realistic plan and carry out the plan.

      E.     . Take care of yourself first. Organization-wide change can be highly
      stressful.
      F.     The process won't be an "aha!" It will likely not be as bad as you might
      expect, but won't be as good as you'd prefer either.

      G.     Keep perspective. Keep focused on meeting the needs of your customers.

      H.   Don't seek to control change, but rather to expect it, understand it and
      manage it.

      I.     Change is usually best carried out as a team-wide effort.

      J.     Communications about the change should be frequent and with all

      organization members.

      K.     To sustain change, the structures of the organization itself should be
      modified, including strategic plans, policies and procedures.

XVI. Building Teams. Management experts assert that most work (and most
learning)occurs in teams. Therefore, it's important to know how to design, build and
support highly effective teams.

      A.    Types of Teams (or Groups). There are many types of teams. The type
      used depends very much on the nature of the results the team is to accomplish.

      B.     Formal and informal teams are "official" parts of the overall organization,
      assigned to a major, ongoing function, for example, quality management, patient
      care, etc. Management appoints formal teams. Informal teams are usually
      loosely organized groups of people who volunteer to come together to address a
      non-critical, short-term purpose.

      C.    Committees are organized to address, major ongoing tasks in an
      organization and membership is based on position, for example, committees in
      boards of directors, grievance committees, etc.

      D.     Problem solving teams. These teams are formed to address a particular,
      major problem currently faced by the organization. Often, their overall goal is to
      provide a written report that includes recommendations for solving the problem.
      Membership is comprised of people who perceive and experience the problem,
      as well as those who can do something about it.

      E.      Self-directed and self-managed teams. These increasingly used types
      of teams afford members great latitude in how they achieve the overall results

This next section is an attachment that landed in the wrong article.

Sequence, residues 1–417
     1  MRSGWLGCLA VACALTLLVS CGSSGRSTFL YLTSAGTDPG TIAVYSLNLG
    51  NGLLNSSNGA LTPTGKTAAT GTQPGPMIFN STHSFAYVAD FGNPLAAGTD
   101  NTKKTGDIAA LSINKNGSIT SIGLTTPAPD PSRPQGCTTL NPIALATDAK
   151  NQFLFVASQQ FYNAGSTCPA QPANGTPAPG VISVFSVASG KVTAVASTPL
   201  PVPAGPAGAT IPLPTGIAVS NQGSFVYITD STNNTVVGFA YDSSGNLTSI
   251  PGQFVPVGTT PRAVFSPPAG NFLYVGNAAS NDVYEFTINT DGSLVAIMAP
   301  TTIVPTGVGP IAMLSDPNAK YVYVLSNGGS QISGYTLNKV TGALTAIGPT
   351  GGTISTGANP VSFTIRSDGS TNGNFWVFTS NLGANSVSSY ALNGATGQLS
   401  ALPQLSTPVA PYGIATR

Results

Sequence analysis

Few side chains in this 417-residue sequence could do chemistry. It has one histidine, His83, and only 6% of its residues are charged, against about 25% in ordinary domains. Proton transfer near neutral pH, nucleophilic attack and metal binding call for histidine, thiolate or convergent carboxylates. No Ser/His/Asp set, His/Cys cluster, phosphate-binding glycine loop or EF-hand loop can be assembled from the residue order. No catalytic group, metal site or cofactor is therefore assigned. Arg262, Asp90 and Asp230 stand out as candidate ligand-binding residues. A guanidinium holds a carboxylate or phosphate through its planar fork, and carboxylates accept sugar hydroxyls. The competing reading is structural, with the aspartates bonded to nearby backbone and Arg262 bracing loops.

preferred from the team. For example, they may select their leader who serves
      for a limited time and purpose, depending on the particular point in the group's
      process. This type of team is used especially when the team is working in a
      complex, rapidly changing environment.
XVII. Stages of Team Development. It helps a great deal to have some basic
sense for the life of a team. Teams go through several major phases including
the following:

       A.     Forming: Members first get together. Individually, they consider
       "What am I here for?", "Who else is here", "Who am I comfortable with?",
       etc. During this stage, it's important to get members involved, including to
       introduce themselves to each other. The team may require clear
       leadership to facilitate clarity and comfort for involvement of members.

       B.     Storming: During this stage, members are beginning to voice their
       individual differences, trying for join with others who share the same
       beliefs, trying to jockey for position in the group. Therefore, it's important
       for members to continue to be highly involved, including voicing their
       concerns in order to feel represented and understood. The team leader
       should focus on clarity of views, achieving consensus (or commonality of
       views) and recording decisions.

C.     Forming: In this stage, members begin to share common commitment to
the purpose of the group, including its overall goals and how it will reach those
goals. The team leader should focus on achieving clarity of roles, structure and
process of the group.

D.      Performing: In this stage, the team is "humming". Members are actively
participating in the team process in order to achieve the goals of the group and
its organization. During this stage, the style of leadership becomes more indirect
as members take on stronger participation and involvement in the group process.

E.     Closing and Celebration: At this stage, it's clear to members and their
organization that the team has achieved its overall purpose (or a major milestone
along the way). It's critical to acknowledge this point in the life of the team, lest
members feel unfulfilled and skeptical about future team efforts.
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DOCUMENT INFO
Description: This Leadership Guide for Managers is used to instill excellent leadership skills in a company's managers. Developing high quality leadership skills can greatly help any company. This tool provides instruction on how to be a good leader by setting forth the many styles of leadership and modifying them based on the work situation. It contains definitions of key terms that managers should be familiar with, and includes many of the important issues that may arise in management positions. It also provides insight on setting goals and how to go about accomplishing those goals. This document is useful to an individual in a management position within any company.